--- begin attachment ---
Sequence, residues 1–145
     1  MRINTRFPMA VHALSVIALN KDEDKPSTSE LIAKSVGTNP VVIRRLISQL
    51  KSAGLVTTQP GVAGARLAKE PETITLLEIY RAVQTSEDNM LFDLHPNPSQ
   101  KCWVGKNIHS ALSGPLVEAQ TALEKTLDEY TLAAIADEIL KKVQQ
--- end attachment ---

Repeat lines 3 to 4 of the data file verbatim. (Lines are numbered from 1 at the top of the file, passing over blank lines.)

    51  KSAGLVTTQP GVAGARLAKE PETITLLEIY RAVQTSEDNM LFDLHPNPSQ
   101  KCWVGKNIHS ALSGPLVEAQ TALEKTLDEY TLAAIADEIL KKVQQ